In an updated consensus statement released today, the organization recommends that in addition to a careful medical history and physical examination, an electrocardiogram (ECG) be performed prior to starting any child or teenager on stimulant medications. This represents a departure from the previous scientific statement published about this topic in 1999.
More than 2.5 million children and teens in the U.S. take stimulants to control their ADHD. With careful monitoring the drugs have been shown to be safe even in those with known heart issues, cardiologist Victoria L. Vetter, MD, of the Children's Hospital of Philadelphia tells WebMD.
Vetter led the American Heart Association (AHA) panel that wrote the consensus statement.
"We aren't trying to scare doctors away from using these drugs, which are so important for the treatment of ADHD," Vetter says. "Most kids can be treated, but very careful monitoring is important."
ADHD Drugs Raise Heart Rate, Blood Pressure
Stimulants like the ADHD drugs Ritalin, Adderall, Dexedrine, and Concerta are known to increase heart rates and blood pressure, but the risk is not considered significant in otherwise healthy children who take the drugs for attention disorders.
The FDA requires that the labeling on stimulants used in the treatment of ADHD warn of a risk of sudden death in patients with heart problems. But the incidence of cardiac events among children and teens taking the drugs is not known because no registry exists to record these events, Vetter says.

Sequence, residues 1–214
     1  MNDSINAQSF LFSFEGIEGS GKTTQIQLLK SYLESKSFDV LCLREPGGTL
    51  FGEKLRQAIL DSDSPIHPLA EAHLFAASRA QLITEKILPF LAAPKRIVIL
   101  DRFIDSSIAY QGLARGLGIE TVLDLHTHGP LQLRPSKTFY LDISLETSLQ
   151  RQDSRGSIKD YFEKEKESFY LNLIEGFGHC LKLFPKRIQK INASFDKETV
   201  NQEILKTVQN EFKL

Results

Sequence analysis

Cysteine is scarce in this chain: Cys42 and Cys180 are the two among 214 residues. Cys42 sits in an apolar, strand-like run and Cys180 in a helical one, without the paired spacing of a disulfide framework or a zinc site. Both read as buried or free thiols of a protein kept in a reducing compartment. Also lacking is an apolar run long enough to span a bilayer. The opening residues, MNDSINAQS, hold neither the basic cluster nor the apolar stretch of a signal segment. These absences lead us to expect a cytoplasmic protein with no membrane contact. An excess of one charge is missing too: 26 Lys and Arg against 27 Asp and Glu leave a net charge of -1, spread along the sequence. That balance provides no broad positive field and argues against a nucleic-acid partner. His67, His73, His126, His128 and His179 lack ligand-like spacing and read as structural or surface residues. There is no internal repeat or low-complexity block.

In February 2005, Canada's drug regulatory agency briefly suspended the sale of the ADHD drug Adderall based on U.S. reports of sudden deaths in children.
In March 2006, an FDA panel reported that between 1992 and early 2005, 11 sudden deaths in children had been attributed to medications such as Ritalin and Concerta and 13 deaths were linked to amphetamines, such as Adderall or Dexedrine. Three sudden deaths were reported in children taking the ADHD drug Strattera, although Strattera is not a stimulant.
Studies suggest that ADHD is more common in children with heart problems than in the general pediatric population. And the obesity epidemic has led to an epidemic of high blood pressure among children and teens, Vetter says.
Since February 2007, the FDA has required that medications used to treat ADHD be accompanied by information warning about the use of these drugs in patients with heart problems. This has created a variety of dilemmas, including how to determine if a child has heart disease.
Vetter says her own preliminary research suggests that as many as 2% of children in the U.S. have undiagnosed heart problems that could be identified by ECG screening.
"This is definitely an issue that needed to be addressed," she says. The goal of the updated recommendations is to "allow treatment of this very significant problem of ADHD while attempting to lower the risk of these [medications]."
ECG Should Be Routine
The AHA panel's pretreatment recommendations include:
- Taking a thorough medical history prior to treatment, with special attention given to symptoms that might indicate heart problems, such as heart palpitations, high blood pressure, heart murmur, fainting or near-fainting episodes, chest pain, or unexplained change in exercise tolerance.
- Review of all current medications including prescription, over-the-counter preparations, and health supplements.